Philosophy And Fiction: Wittgenstein, Lewis And Anderson.
"If a lion could speak, we could not understand him." (here)
Why not? I think that this is a philosophical way of saying that lions do not speak. Wittgenstein's point is that language makes sense only in a social context. Thus, the statement, "I am going to work," is comprehensible because it is usually accompanied or followed by some appropriate action like walking out of a house and getting into a car. Utterances divorced from behavior would be incomprehensible. If a lion not only spoke English but also behaved in every other way exactly like an English language user, then he would be not a lion but a human being in leonine form whereas a language that exactly fitted a lion's existence could not possibly be English or any other human language even if it sounded like one. But a lion's existence is not one that includes any kind of language so that the proposition becomes contradictory.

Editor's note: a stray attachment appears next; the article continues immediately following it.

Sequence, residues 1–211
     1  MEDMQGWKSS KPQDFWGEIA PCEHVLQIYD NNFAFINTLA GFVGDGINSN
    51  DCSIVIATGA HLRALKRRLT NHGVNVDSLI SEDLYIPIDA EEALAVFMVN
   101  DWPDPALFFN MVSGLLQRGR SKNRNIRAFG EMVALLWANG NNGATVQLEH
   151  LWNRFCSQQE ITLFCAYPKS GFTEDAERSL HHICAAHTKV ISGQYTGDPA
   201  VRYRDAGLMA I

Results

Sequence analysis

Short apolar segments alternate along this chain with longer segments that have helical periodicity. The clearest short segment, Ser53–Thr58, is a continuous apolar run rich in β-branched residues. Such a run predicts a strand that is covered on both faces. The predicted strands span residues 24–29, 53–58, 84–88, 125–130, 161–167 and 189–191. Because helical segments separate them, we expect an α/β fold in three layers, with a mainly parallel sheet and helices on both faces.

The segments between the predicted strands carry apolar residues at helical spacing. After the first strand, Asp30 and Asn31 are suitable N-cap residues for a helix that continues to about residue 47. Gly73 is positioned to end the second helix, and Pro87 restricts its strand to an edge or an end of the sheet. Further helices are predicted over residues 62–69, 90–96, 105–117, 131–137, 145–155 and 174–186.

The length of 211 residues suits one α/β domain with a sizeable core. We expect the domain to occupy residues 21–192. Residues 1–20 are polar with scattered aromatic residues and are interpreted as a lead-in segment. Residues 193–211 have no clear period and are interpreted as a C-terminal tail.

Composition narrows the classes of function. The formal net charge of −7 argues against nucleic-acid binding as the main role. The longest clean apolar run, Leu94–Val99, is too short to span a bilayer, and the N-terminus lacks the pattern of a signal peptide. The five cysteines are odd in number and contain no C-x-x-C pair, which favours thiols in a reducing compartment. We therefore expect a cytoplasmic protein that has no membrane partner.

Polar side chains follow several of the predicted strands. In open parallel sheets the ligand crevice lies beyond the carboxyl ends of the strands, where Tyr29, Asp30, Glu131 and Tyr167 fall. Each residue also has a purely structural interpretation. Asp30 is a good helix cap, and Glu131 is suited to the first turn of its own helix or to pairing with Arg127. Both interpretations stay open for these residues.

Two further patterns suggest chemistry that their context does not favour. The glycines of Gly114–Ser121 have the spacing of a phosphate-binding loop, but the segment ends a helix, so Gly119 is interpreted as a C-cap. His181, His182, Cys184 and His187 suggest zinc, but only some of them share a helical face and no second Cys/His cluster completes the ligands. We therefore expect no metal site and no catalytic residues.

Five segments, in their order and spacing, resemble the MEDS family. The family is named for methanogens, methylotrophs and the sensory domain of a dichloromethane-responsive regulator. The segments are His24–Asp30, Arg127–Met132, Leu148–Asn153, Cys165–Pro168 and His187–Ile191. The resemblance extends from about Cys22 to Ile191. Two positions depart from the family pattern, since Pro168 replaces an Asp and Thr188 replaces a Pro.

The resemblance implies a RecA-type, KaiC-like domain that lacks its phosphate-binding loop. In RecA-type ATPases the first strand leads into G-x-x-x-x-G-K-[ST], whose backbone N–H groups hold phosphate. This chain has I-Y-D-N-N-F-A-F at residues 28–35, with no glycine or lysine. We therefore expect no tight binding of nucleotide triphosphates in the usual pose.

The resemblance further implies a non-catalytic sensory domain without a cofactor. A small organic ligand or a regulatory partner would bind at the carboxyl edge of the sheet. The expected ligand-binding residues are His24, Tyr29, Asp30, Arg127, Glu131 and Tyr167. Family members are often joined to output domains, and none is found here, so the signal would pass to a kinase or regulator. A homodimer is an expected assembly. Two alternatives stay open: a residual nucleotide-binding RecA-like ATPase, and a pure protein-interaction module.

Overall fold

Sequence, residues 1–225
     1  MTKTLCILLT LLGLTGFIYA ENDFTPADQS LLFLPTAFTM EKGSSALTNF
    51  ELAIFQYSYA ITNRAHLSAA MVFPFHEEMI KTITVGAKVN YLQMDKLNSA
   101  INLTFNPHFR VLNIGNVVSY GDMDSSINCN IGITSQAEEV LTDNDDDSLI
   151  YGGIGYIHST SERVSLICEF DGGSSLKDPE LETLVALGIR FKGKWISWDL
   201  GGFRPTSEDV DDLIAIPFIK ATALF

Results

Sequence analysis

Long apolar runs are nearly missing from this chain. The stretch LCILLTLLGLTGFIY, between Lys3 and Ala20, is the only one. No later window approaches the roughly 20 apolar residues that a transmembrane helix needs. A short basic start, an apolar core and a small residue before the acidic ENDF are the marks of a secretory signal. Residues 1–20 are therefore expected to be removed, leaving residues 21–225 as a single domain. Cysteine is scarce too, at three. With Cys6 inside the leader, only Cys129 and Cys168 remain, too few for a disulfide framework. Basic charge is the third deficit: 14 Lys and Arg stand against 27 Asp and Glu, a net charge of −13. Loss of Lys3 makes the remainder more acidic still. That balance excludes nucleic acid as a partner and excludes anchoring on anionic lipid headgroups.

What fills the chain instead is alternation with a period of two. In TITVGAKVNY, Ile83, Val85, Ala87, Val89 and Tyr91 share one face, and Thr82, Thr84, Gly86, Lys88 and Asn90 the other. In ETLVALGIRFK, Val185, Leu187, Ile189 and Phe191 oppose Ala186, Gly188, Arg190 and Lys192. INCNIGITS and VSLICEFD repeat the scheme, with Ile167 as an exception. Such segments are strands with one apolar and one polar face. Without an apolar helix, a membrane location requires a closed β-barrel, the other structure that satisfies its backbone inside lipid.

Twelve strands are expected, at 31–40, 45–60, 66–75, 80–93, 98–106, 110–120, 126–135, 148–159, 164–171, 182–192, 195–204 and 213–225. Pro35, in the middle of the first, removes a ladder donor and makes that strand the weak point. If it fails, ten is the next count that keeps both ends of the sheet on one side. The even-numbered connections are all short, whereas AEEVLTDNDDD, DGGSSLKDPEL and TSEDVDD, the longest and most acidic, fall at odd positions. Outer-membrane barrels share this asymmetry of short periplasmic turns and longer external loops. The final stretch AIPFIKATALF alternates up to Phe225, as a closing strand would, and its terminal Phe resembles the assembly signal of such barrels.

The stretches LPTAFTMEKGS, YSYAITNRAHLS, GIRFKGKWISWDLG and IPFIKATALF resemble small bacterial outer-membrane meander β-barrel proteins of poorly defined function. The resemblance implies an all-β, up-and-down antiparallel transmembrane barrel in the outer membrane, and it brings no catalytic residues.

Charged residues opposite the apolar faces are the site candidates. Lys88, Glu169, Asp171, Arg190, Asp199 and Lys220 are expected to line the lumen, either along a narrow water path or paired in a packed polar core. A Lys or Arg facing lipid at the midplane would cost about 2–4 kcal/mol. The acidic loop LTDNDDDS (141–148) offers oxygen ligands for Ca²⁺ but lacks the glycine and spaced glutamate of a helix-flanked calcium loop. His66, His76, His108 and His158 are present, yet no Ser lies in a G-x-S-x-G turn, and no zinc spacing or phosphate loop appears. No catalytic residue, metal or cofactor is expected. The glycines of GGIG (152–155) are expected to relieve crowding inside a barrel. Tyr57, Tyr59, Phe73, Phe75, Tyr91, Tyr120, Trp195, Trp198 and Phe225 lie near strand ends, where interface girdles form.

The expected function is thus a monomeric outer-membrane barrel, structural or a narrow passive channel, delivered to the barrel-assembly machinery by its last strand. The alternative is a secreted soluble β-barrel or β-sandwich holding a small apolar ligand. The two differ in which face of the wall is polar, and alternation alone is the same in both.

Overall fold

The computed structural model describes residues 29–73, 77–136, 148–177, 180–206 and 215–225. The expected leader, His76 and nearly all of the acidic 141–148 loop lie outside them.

It sounds like Wittgenstein's Private Language Argument. A solitary individual cannot invent a language for his private use because language necessarily involves a distinction between correct and incorrect usage and that is a social matter. Each time the solitary individual sees an object and utters a sound, it may or may not be the same sound as on the previous occasion but there is no practical difference either way. The solitary individual has no one to tell him that "I rode my house" is incorrect whereas "I rode my horse" is correct. Therefore, he has no way of conceiving of a language in the first place.
Therefore, a language can be neither leonine nor private. There are limits to the applicability of a concept and it is good to know what they are.